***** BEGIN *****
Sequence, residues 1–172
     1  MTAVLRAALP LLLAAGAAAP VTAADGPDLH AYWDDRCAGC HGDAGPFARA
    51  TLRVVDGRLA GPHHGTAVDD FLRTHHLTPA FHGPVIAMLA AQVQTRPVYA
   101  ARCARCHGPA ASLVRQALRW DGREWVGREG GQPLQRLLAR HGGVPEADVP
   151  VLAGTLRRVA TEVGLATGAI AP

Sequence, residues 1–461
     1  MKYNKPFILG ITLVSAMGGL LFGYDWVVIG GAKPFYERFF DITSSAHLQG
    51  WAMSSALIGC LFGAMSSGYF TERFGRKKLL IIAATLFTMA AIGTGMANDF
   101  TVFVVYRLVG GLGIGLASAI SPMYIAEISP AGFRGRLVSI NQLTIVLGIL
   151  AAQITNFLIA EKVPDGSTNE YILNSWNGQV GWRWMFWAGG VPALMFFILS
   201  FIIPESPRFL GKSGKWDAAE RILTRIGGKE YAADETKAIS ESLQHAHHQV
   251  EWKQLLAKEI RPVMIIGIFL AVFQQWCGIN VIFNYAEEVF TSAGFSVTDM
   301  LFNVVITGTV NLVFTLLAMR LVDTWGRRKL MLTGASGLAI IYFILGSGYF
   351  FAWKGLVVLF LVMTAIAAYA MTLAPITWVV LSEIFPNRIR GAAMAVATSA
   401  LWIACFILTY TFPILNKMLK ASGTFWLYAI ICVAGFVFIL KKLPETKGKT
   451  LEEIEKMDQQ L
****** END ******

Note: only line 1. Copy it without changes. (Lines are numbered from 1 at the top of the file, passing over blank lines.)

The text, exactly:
Sequence, residues 1–172